Louisiana to Block Ashes of Ebola Victim’s Belongings From Entering State

Thomas Duncan's belongings
A worker in a hazardous material suit removes the contents of the Dallas apartment where a man diagnosed with the Ebola virus was staying, on October 6, 2014. Jim Young/Reuters

Louisiana Attorney General Buddy Caldwell announced late Sunday that he would seek a temporary restraining order to prevent the ashes of Dallas Ebola victim Thomas Duncan’s belongings from entering his state.

Six truckloads of items from Duncan’s apartment, including linens, carpets and bedding, were incinerated at a Texas facility on Friday. The plan was then to ship the ashes to a hazardous-waste landfill in Louisiana for burial.

Caldwell’s office is expected to file the restraining order sometime this morning, as well as send a “demand letter” requesting additional information from private contractors and state and federal officials about the handling of Ebola-contaminated ashes.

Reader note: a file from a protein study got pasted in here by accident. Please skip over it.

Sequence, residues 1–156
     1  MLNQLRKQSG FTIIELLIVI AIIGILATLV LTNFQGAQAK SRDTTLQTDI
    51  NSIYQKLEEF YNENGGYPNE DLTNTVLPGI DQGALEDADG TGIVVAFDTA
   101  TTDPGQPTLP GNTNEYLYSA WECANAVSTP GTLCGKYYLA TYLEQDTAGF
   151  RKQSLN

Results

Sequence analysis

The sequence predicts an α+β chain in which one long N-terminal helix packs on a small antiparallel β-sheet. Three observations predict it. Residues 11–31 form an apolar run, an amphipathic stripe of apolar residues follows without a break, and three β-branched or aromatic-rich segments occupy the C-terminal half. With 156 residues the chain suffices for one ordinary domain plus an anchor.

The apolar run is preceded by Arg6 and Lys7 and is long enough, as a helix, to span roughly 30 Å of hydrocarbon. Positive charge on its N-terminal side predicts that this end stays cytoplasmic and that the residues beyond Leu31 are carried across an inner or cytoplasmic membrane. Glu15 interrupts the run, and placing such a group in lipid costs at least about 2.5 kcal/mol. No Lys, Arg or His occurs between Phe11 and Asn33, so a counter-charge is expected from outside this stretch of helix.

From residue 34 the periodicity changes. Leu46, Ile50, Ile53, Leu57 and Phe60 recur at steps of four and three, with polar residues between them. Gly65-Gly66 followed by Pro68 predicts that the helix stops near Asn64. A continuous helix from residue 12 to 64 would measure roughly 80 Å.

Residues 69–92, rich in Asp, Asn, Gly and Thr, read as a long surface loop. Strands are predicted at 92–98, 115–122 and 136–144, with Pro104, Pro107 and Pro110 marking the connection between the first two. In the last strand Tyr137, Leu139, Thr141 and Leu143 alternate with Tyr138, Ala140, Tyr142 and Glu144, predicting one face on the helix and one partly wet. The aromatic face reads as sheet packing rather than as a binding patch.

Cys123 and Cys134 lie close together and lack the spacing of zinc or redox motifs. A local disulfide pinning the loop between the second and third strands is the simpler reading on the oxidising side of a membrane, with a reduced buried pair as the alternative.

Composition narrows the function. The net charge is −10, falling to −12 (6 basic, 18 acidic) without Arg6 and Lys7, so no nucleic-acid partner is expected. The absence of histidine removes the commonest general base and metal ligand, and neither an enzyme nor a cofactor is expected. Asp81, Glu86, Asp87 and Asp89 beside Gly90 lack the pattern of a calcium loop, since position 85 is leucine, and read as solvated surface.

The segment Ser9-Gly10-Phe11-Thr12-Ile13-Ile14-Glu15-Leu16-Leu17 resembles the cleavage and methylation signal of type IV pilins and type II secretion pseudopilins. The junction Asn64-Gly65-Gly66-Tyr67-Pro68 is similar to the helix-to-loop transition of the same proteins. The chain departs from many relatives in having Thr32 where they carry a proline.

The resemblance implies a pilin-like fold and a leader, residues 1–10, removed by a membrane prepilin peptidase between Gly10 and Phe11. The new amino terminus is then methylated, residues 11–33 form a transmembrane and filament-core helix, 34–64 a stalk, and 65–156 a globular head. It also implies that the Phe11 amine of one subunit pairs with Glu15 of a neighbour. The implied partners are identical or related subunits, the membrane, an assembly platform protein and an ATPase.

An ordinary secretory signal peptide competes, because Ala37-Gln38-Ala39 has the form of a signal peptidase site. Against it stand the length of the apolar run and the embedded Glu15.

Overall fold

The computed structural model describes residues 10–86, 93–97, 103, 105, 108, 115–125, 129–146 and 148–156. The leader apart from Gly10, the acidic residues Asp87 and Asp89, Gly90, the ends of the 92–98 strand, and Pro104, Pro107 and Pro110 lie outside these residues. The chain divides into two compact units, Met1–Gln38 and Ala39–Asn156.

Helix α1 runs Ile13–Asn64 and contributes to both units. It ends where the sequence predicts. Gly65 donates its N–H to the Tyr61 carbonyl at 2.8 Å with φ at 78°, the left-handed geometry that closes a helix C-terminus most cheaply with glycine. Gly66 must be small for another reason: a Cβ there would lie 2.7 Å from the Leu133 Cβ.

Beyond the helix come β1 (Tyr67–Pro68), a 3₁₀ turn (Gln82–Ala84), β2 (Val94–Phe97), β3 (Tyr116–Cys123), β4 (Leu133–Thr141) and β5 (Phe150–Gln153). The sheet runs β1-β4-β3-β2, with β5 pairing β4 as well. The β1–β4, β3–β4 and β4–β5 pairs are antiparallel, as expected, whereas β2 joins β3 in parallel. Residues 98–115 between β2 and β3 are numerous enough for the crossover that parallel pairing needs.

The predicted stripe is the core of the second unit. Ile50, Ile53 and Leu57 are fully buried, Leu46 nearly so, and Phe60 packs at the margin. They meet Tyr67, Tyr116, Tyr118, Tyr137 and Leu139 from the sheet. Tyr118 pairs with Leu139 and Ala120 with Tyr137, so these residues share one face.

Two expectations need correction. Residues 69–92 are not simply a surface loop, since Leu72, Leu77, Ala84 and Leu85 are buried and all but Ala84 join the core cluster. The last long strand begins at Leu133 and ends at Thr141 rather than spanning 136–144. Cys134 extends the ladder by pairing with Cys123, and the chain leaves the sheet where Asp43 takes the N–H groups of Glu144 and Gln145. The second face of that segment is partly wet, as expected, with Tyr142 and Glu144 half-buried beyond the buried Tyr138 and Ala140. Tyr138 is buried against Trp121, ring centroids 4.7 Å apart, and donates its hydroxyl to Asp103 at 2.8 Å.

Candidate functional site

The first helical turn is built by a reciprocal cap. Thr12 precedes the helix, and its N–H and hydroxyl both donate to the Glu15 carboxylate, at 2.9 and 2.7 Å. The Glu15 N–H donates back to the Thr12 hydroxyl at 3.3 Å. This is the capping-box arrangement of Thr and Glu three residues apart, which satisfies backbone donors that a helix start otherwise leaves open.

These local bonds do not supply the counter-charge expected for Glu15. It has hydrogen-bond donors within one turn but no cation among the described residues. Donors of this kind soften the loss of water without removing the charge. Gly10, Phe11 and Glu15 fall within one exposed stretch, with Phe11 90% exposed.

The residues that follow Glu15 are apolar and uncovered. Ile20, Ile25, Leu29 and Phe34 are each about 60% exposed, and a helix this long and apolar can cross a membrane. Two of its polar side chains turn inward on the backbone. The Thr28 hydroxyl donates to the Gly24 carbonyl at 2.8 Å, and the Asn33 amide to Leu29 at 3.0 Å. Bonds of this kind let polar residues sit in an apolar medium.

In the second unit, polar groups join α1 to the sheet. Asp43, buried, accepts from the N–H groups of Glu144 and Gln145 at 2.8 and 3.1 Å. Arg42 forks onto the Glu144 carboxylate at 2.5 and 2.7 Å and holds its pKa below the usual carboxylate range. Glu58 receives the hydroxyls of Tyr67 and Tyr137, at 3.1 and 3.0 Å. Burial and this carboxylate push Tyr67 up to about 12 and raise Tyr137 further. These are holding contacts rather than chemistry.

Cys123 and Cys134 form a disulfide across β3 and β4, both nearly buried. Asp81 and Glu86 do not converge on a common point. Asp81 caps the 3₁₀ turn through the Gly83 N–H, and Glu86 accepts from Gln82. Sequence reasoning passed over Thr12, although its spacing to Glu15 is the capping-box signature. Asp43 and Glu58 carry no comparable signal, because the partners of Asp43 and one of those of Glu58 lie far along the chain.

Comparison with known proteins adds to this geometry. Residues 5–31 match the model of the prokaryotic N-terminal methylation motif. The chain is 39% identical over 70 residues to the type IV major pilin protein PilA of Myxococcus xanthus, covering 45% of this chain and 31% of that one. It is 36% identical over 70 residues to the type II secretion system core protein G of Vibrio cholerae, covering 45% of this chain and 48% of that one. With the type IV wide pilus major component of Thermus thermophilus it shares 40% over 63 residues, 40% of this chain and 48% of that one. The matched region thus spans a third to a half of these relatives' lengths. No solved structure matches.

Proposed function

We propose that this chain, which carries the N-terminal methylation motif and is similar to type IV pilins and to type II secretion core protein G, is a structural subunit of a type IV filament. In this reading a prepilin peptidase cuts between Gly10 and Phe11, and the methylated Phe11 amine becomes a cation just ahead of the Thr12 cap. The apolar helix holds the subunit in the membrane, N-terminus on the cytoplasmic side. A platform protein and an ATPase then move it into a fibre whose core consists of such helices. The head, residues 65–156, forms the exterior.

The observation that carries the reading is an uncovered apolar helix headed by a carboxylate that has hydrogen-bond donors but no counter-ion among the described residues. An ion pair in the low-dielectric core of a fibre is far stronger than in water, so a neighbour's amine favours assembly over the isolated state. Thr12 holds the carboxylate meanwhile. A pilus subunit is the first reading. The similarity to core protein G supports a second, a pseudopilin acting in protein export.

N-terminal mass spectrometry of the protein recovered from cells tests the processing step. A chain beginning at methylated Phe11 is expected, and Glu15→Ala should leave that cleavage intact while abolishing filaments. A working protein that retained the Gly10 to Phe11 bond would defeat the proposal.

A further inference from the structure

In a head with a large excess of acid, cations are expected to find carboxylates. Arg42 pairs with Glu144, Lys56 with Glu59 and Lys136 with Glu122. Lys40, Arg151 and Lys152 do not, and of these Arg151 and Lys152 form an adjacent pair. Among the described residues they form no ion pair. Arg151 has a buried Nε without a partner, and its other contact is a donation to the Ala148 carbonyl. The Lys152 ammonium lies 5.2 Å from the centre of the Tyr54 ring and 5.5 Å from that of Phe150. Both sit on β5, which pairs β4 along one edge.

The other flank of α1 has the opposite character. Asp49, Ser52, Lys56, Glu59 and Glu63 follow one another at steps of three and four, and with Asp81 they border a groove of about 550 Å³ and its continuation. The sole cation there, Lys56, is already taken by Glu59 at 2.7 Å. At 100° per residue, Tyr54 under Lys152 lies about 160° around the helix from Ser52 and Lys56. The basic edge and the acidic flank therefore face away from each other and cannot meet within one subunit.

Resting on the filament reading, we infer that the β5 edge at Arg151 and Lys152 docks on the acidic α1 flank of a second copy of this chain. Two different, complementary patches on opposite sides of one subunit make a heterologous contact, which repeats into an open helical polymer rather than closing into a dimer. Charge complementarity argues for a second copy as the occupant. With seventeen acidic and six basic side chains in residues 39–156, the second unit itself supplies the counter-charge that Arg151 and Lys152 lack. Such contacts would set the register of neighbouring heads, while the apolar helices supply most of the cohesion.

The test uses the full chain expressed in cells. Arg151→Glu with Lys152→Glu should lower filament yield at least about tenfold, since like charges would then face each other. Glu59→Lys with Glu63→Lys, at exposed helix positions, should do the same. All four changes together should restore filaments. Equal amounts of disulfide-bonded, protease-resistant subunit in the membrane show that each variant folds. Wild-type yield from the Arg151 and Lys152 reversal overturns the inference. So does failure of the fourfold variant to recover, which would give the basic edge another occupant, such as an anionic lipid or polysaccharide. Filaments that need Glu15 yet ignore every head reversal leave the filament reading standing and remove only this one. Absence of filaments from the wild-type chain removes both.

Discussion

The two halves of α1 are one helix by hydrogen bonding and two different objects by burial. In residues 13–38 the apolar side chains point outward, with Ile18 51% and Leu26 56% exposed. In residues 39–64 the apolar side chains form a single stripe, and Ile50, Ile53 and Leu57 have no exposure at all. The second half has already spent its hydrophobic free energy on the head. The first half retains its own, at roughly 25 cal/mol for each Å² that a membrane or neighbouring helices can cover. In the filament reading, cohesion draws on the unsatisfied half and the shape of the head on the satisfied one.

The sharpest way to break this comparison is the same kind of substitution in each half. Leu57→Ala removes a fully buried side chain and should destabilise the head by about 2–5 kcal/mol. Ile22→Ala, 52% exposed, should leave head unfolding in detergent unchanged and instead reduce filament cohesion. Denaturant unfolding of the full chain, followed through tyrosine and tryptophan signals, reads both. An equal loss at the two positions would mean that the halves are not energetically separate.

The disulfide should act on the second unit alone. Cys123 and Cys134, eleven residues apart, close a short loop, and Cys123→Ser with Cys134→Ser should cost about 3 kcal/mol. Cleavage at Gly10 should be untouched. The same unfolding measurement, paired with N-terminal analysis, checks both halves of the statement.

“The health and safety of our Louisiana citizens is our top priority,” Caldwell said in a statement. “There are too many unknowns at this point, and it is absurd to transport potentially hazardous Ebola waste across state lines.” 

Though the situation is unprecedented, there is no evidence that blocking the ashes from entering a state will have any impact on the possible spread of the disease there. The Centers for Disease Control and Prevention says that incineration is the proper way to handle this kind of waste and that Ebola-related waste should no longer be infectious if incinerated correctly.